So we did see lots of bird life, including black and whistling kites, white bellied sea eagles, osprey, black-necked storks (often incorrectly called Jabiru) and crocodiles…Drinks were passed around as we watched the sun dip into the Gulf. At this moment the nearest capital city to us is Port Moresby in Papua New Guinea, not Darwin.

Karumba has a real end of the road feeling, which we actually like. Almost all the tourists are fishermen and women, who like to drink beer from about noon, and talk constantly about lures and catches etc. Its interesting for us to observe as non-fisher folk, but one more day here will be sufficient though.

11 July – We make it to the Gulf of Carpenteria

Author: Mrs A

Location: Karumba, far North Queensland

Distance driven: 372km

Tuesday: Our day began with some trepidation as we hitched up the caravan and drove to the Georgetown mechanic, earnestly hoping our final parts (the brackets for our shocks), had safely arrived. We pulled onto the forecourt shortly before 8am and Bushy came out to let us know that they had turned up last night. Phew!Before long we had backed the caravan into the workshop and Mr A was inflating tyres as Bushy did his work, welding the new brackets to the front right hand side of the van. He did a thorough check of all the other brackets, and added some extra weld where he felt needed the strength.By the time we pulled out at about 10.30am we felt happy that all was securely in place and Bushy reassured us it should stay that way for the foreseeable future.

Finally we left Georgetown and were off to pastures new. The road was in pretty good condition, mostly a combination of single lane (where you share half on and half off the tarmac with anyone coming towards you) and dual lane highway.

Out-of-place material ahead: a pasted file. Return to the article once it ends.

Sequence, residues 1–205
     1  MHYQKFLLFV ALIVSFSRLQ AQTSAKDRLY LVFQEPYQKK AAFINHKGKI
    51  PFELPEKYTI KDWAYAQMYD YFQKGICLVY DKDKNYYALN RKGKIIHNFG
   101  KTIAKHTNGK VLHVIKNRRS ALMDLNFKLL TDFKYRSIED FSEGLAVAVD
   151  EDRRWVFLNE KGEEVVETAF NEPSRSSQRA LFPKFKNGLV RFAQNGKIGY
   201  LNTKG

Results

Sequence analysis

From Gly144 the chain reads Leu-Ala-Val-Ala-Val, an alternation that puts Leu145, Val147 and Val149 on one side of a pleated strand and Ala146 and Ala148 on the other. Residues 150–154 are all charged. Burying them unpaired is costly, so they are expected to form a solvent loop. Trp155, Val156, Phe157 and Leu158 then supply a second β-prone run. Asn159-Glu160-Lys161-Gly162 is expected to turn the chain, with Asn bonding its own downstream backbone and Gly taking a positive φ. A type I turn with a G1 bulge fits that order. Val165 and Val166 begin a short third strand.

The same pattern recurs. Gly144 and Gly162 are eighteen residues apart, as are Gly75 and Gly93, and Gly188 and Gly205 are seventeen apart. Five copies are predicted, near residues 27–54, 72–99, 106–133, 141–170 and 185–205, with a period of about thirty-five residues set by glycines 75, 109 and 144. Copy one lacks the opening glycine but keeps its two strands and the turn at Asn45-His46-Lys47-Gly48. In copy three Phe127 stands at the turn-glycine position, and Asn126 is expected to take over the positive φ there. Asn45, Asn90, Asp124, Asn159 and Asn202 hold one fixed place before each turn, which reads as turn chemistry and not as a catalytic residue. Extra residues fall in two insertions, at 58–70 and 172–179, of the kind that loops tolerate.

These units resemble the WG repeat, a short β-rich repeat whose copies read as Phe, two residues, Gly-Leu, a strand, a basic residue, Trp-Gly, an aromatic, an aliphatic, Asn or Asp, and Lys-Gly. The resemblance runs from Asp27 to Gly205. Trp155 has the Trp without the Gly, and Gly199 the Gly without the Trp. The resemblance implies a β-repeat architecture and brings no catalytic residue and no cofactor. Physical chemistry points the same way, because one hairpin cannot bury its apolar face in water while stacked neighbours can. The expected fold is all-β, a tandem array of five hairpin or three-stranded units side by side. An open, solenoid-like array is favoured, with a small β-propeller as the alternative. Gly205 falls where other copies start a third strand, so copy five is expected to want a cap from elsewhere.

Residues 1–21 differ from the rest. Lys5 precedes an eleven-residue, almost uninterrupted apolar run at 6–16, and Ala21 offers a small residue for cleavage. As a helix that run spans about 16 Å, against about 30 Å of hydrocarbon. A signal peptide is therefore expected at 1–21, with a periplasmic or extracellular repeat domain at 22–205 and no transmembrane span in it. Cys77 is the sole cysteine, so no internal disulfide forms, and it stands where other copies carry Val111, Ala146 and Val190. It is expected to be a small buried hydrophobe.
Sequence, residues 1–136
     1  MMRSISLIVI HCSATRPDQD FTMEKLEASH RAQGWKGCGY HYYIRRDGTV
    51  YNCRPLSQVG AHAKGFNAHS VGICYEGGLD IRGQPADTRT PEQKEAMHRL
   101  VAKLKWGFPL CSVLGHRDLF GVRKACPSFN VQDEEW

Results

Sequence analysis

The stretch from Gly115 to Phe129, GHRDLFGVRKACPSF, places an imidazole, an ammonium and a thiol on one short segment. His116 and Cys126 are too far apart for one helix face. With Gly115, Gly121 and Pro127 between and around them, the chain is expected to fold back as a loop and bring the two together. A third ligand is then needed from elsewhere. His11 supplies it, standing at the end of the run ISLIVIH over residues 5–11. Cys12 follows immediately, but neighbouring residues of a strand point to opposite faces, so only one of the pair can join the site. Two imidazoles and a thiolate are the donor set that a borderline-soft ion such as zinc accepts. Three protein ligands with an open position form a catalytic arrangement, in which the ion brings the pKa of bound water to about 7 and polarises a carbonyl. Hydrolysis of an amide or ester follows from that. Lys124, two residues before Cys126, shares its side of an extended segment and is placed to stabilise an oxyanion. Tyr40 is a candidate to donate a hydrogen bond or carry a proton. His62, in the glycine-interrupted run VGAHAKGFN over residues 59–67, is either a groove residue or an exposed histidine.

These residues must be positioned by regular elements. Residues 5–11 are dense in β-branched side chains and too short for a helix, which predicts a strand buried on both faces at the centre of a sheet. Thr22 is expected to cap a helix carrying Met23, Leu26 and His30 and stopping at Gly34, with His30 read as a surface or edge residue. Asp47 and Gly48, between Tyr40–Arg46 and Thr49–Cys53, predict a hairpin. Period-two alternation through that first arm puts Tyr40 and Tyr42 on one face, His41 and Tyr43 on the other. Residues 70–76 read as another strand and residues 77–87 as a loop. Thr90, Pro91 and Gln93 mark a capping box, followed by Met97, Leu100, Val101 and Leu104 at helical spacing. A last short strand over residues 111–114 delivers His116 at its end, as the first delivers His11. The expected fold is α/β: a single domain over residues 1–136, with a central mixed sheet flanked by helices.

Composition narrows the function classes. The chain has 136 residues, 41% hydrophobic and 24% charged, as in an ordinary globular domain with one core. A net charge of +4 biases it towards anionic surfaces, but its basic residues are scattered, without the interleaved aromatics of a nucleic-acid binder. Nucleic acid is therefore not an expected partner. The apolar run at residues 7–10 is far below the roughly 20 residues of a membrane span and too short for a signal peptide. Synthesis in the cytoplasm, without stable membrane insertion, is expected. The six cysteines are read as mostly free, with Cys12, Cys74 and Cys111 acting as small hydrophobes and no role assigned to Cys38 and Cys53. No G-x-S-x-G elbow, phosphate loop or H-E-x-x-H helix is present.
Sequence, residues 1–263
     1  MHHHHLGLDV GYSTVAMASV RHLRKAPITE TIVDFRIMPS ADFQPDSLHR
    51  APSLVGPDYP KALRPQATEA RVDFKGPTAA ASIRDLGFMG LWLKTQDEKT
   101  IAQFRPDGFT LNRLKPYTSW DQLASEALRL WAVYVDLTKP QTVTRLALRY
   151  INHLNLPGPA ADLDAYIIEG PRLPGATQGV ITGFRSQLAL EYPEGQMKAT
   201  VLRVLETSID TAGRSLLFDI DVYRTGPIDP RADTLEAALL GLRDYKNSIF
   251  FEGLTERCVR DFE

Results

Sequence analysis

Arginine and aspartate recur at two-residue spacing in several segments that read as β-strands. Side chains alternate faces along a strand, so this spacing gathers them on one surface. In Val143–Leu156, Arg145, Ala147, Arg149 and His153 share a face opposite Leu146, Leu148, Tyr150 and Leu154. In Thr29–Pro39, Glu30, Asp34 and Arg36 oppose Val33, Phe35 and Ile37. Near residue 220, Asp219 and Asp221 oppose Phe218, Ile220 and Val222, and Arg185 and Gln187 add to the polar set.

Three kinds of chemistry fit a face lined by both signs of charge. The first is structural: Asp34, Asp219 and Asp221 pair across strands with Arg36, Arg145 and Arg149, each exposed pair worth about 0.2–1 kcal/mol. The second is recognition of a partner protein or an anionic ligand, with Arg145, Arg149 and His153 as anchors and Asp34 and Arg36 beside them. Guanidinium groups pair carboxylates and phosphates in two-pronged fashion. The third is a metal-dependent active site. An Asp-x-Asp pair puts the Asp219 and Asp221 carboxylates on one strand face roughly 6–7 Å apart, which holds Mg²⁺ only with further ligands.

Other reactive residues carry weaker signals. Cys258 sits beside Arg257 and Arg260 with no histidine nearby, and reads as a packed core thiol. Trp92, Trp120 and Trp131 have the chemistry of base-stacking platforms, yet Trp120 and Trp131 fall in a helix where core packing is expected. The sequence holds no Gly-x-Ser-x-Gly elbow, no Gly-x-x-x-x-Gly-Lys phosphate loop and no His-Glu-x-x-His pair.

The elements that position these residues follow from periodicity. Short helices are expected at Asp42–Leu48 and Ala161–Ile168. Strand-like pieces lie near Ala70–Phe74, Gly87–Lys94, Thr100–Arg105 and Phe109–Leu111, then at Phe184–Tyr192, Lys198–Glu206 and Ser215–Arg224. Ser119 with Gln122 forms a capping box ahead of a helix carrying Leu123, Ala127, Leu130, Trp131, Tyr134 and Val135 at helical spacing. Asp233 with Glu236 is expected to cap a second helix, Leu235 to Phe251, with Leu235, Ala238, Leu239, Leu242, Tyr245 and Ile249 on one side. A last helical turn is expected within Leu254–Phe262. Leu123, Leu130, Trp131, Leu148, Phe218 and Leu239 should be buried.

The landscape continued to be pretty flat and dry, but with more water than I expected, and we even crossed a few rivers and creeks with pools in them, plenty of Brolgas around (large grey stork-like birds with red heads).

We stopped very briefly in Croydon (yes, there is one in Australia too!), with a longer break in Normanton, where we did a top up of fresh vegetables. There was limited choice, and we paid $8 for four bananas – just a couple of days drive away from where we bought eight bananas for $2! But beggars cannot be choosers, and we bought whatever looked relatively fresh.

Our final destination for the night is Karumba, up on the coast of the Gulf.The air feels lest dusty up here, and it is so good to see the ocean again.

Arriving at Karumba (having narrowly missed a goanna, a baby wallaby and a couple of cows on the late afternoon drive from Normanton!) truly felt like the end of the road. People are very laid back and friendly, but all the caravan parks are booked out. We were told about a couple of boat trips – one to watch wildlife and one to see the sunset – but on calling to take one tomorrow or Thursday were told it’s all booked out until Friday. So no cruising for us.